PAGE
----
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The Effect of Hemispheric Synchronization on Intraoperative Analgesia

Lewis, Ariane K.; Osborn, Irene P. MD; Roth, Ram MD

doi: 10.1213/01.ANE.0000096181.89116.D2
General Articles: Research Report

In this double-blinded randomized study, we sought to confirm that patients undergoing general anesthesia who were exposed to a hemispheric synchronization (Hemi-Sync) musical recording during surgery had a smaller analgesia requirement, as was suggested in a previous study. Bispectral index monitoring was used to adjust depth of hypnosis, and hemodynamic variables were used to determine analgesia administration. Consented patients underwent either laparoscopic bariatric or one-level lumbar disk surgery. After endotracheal intubation and application of headphones, baseline heart rate and arterial blood pressure were established. Isoflurane was titrated to maintain sedation on the basis of a target bispectral index range of 40–60, and 25-μg increments of fentanyl were administered in response to increases in heart rate and systolic arterial blood pressure. Bariatric patients who listened to Hemi-Sync required one-third less fentanyl than the control group (mean [SD]: 0.015 [0.01] vs 0.024 μg · kg−1 · min−1 [0.01]) (P = 0.009). It is interesting to note that lumbar patients in the experimental and control groups required similar amounts of fentanyl (0.012 [0.01] vs 0.015 μg · kg−1 · min−1 [0.01]). End-tidal isoflurane concentration was similar for Hemi-Sync and blank-tape patients (bariatric, 0.74% (0.14) vs 0.77% (0.21); lumbar, 0.36% [0.16] vs 0.39% [0.12]). The bariatric patients in this study demonstrated that Hemi-Sync may be an innovative intraoperative supplement to analgesia.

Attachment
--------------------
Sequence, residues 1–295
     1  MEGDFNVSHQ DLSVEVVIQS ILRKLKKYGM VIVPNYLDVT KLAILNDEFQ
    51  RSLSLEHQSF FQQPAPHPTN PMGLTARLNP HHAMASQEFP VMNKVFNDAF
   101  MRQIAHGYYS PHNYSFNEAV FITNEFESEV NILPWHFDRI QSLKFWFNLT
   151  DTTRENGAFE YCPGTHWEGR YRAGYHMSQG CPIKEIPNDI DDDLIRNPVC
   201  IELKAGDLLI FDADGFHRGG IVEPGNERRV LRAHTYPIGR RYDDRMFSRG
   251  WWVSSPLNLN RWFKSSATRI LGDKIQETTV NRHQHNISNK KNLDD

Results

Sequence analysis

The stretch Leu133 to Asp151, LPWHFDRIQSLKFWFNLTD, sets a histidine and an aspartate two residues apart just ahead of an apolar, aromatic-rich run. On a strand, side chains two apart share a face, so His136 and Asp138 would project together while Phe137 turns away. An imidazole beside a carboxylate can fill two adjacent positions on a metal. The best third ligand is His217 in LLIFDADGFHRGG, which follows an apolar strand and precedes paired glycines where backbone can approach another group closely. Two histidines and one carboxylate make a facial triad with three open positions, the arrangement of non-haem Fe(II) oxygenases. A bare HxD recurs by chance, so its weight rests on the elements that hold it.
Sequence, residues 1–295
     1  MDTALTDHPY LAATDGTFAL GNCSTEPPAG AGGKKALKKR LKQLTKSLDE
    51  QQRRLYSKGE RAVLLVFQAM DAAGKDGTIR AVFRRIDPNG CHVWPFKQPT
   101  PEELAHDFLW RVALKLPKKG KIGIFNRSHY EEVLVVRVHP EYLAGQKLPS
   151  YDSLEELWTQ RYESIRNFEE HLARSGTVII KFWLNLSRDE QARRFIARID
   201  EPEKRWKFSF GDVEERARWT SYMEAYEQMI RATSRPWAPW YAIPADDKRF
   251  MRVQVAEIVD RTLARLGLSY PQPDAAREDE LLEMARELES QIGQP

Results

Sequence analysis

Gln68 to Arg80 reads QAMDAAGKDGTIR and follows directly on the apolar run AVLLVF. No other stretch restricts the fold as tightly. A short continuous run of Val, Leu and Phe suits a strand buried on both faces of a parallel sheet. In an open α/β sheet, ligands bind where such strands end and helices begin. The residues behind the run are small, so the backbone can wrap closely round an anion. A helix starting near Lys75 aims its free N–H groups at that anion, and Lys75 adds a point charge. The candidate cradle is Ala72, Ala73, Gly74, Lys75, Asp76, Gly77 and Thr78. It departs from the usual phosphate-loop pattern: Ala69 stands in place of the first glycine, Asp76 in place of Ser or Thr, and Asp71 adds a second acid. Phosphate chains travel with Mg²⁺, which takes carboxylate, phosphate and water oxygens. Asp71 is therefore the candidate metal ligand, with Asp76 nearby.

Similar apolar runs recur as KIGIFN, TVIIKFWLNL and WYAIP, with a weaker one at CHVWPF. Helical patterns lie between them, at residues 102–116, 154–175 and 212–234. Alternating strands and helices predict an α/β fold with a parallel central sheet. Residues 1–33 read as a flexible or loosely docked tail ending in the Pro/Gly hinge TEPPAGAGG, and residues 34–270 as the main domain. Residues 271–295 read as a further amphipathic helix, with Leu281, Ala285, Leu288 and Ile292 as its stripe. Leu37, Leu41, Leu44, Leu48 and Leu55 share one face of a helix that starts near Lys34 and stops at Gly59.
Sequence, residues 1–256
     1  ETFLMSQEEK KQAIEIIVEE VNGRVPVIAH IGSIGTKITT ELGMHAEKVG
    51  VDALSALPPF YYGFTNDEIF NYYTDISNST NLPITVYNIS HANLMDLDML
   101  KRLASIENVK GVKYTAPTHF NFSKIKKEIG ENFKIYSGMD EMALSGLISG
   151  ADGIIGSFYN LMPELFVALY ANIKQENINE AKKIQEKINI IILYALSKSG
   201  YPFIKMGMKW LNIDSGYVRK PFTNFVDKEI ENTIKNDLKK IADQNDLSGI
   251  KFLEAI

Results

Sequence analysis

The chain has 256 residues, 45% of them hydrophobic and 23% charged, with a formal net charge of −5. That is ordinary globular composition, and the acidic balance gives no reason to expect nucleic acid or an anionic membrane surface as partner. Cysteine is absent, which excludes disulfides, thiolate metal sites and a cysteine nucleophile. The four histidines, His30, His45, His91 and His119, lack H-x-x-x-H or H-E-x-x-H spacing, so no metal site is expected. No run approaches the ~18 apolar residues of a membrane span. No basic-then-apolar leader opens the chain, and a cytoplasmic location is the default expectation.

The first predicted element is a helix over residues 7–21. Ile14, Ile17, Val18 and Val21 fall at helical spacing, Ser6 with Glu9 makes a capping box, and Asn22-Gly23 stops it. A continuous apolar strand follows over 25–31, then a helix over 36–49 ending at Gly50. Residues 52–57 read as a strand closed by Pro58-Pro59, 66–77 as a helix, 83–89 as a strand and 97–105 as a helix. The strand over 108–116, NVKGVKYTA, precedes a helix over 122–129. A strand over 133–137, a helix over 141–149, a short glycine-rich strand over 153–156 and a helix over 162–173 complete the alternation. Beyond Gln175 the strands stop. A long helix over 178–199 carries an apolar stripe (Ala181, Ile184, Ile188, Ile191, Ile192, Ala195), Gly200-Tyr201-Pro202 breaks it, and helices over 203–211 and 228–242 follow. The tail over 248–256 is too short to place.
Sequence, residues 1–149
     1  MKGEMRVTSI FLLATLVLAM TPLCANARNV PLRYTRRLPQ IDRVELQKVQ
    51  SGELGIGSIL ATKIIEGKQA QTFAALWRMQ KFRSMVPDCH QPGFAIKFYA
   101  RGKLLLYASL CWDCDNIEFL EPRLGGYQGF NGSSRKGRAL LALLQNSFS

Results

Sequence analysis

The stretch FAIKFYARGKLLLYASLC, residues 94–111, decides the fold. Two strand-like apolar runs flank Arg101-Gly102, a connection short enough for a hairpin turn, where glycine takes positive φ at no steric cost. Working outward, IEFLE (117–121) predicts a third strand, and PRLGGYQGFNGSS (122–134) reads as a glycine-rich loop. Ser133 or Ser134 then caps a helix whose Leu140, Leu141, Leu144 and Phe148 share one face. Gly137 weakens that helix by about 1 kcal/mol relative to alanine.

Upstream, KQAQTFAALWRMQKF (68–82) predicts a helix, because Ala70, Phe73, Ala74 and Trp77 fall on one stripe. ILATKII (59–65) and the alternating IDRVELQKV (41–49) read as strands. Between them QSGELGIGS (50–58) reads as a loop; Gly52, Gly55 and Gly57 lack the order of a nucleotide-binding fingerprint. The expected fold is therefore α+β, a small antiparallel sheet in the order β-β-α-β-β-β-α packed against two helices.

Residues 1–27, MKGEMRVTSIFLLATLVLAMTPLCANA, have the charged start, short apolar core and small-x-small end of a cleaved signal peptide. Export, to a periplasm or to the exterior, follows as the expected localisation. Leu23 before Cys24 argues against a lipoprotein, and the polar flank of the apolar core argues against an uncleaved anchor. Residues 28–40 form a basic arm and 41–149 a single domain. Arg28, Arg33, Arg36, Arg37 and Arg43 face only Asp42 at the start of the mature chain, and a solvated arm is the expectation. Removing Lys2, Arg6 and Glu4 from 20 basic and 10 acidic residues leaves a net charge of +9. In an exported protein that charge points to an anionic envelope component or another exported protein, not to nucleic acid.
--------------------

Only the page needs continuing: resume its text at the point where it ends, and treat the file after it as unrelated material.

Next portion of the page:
IMPLICATIONS: The purpose of this study was to determine the decrease in analgesia requirement for patients listening to hemispheric synchronization (musical tones) while under general anesthesia. We demonstrated that bariatric patients who listened to hemispheric synchronization had a smaller analgesia requirement than those who listened to a blank tape.

Department of Anesthesiology, Mount Sinai School of Medicine, New York, New York

September 2, 2003.

Address correspondence and reprint requests to Irene Osborn, MD, Box 1010, 1 Gustave L. Levy Place, New York, NY 10029. Address e-mail to

© 2004 International Anesthesia Research Society
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